Russkii Bunt: Proshkin’s Film Adaptation of Pushkin’s Kapitanskaya Dochka and Istoriya Pugacheva

Melissa Sokol, Brown University

With all the festivities that were part of the 200th anniversary of A.S. Pushkin’s birth, it is no surprise that a film was made bringing (again) his works to life. To commemorate this anniversary Aleksandr Proshkin made an epic film “po motivam” “Kapitanskaya Dochka” and “Istoriya Pugacheva.” Considering that four film versions of “Kapitanskaya Dochka” exist, and that the underlying story is well-known, undertaking production of this film was certainly not easy (Skvortsova-Ardabatsaya; Zorkaya). This “cult film” is regarded as having the necessary ingredients to be a box office success: "nemnogo seksa, nemnogo nasiliya i kheppi-end" (Eel’maa). But in addition to its appeal to moviegoers, this film is of interest to literary scholars due to the way in which it emphasizes and sheds light on the longstanding debates regarding Pushkin’s works.

Literary critics have been examining the relationship between Pushkin’s work of historical fiction (“Kapitanskaya Dochka”) and his history ("Istoriya Pugacheva"). How and why did his interest in Pugachev lead him to write works of different genres and what is the relationship between these works? As Proshkin’s film begins it is noted that the film is based on both works. I will explore how Proshkin represents these different genres in the film. In particular, I will focus on the role Pugachev plays in the film in order to demonstrate how Proshkin blends into this character elements from both Pushkin's historical fiction and history.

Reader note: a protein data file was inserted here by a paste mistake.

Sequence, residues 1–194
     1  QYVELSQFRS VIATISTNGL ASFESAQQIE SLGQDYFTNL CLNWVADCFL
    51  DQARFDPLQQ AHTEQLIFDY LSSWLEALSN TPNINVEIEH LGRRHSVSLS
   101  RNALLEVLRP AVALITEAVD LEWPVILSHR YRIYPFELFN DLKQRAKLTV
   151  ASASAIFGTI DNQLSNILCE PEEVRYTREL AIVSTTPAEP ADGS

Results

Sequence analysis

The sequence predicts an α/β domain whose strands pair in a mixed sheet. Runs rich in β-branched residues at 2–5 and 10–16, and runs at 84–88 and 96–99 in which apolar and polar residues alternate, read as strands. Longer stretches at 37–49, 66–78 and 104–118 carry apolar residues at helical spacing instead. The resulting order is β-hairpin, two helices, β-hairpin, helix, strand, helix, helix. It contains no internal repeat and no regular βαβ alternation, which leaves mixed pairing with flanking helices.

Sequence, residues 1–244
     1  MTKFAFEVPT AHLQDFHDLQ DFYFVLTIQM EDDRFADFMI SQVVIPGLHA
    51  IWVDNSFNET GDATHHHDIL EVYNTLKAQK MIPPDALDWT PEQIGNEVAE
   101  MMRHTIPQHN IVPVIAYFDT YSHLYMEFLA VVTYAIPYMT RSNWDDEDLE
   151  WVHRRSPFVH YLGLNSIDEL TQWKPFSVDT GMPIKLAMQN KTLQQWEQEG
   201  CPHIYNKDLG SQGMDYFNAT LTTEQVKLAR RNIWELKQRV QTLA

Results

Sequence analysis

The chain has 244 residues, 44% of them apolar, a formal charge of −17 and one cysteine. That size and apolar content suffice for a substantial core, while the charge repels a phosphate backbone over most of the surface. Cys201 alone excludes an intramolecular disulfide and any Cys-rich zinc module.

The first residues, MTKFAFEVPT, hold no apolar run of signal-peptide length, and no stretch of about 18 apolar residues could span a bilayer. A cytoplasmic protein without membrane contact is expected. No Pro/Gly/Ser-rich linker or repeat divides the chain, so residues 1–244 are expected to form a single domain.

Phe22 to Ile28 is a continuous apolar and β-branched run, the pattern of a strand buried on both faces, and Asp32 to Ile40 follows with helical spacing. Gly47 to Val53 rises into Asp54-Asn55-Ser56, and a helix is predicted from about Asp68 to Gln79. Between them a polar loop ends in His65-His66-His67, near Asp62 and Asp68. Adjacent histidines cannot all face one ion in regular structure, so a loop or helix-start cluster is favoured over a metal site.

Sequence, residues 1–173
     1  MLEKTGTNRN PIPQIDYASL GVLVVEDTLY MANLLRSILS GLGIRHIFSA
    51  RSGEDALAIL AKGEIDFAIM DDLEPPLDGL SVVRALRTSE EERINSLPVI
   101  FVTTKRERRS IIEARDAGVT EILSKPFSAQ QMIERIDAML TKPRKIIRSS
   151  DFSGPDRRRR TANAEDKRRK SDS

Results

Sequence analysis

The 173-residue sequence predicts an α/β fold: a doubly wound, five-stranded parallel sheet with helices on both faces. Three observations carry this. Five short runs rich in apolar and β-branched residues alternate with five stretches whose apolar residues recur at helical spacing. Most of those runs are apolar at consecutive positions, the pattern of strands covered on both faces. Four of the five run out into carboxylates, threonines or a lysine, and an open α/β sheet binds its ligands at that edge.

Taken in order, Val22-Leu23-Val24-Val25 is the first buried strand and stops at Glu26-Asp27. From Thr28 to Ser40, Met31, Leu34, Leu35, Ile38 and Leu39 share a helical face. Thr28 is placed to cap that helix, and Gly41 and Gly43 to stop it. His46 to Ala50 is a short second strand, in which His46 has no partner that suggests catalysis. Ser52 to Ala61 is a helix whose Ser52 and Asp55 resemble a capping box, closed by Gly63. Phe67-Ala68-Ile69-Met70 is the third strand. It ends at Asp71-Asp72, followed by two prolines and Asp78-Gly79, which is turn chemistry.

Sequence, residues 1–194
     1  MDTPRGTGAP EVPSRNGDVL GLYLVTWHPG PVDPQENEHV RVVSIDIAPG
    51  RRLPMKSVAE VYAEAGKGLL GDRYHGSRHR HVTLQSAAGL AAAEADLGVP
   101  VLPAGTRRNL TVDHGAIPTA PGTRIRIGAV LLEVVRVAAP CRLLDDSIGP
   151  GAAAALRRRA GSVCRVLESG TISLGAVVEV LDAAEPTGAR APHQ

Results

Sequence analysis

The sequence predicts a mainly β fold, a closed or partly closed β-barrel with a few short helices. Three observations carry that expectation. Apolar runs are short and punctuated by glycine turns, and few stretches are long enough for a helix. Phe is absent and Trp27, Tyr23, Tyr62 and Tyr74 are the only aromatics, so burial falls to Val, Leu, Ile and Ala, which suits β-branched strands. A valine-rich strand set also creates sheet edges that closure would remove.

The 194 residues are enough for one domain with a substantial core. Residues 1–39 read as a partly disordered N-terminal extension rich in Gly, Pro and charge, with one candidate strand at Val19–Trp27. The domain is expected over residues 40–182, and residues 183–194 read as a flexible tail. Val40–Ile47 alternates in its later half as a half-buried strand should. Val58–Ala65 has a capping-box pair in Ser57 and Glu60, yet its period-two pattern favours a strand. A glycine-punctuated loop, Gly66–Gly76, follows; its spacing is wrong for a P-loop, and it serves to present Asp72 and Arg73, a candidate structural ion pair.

Scholars have also been discussing the idea of chance, how it plays a role in Pushkin’s works in general and in “Kapitanskaya dochka” in particular. Proshkin’s film version changes the role that chance plays. For example, whereas in Pushkin’s historical novel Masha learns where Catherine walks and the two end up on the same bench, in the film version Masha rushes out in front of a horse which is part of Catherine’s entourage. She tells Catherine (knowing full well that she is speaking with the Empress) of her fate, and passes her the letter in which she justifies Grinev’s actions and thus innocence. By examining such changes made by Proshkin I will analyze the role chance plays.

Proshkin’s film is also interesting in its focus on the religious beliefs and ethnicities represented by the peoples in the Orenburg region. For instance, Savelich’s prayers at an Orthodox church are juxtaposed to the offerings of Muslim prayers. In addition to considering this, I will discuss the significance of the Kirghiz hats and speech, yurts and melons in Proshkin’s film and how they relate to Pushkin’s texts.


Eel’maa, Iurii. “ Pushkin i Proshkin: Dva vzglyada na “Kapitanskuiu dochku.” Uchitel'skaya gazeta.

Skvortsova-Ardabatskaya. “Skromonoe obayanie ‘Russkogo bunta.’” Moskovskii komsomolets.

Zorkaya, Neya. “Aleksandr Proshkin v kartine ‘Russkii bunt’ razdumyvaet ob istoricheskom opyte Rossii.” Nezavisimaya gazeta, February 16, 2000.